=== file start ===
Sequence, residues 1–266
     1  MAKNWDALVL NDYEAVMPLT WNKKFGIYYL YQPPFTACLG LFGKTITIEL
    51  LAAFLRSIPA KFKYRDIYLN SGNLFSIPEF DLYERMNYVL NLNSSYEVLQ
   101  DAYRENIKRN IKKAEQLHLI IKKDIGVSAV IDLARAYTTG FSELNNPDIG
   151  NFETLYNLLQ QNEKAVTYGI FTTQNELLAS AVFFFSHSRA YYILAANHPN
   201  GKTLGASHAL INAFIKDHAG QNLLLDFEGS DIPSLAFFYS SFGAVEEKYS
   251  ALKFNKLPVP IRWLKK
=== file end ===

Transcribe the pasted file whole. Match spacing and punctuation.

Sequence, residues 1–266
     1  MAKNWDALVL NDYEAVMPLT WNKKFGIYYL YQPPFTACLG LFGKTITIEL
    51  LAAFLRSIPA KFKYRDIYLN SGNLFSIPEF DLYERMNYVL NLNSSYEVLQ
   101  DAYRENIKRN IKKAEQLHLI IKKDIGVSAV IDLARAYTTG FSELNNPDIG
   151  NFETLYNLLQ QNEKAVTYGI FTTQNELLAS AVFFFSHSRA YYILAANHPN
   201  GKTLGASHAL INAFIKDHAG QNLLLDFEGS DIPSLAFFYS SFGAVEEKYS
   251  ALKFNKLPVP IRWLKK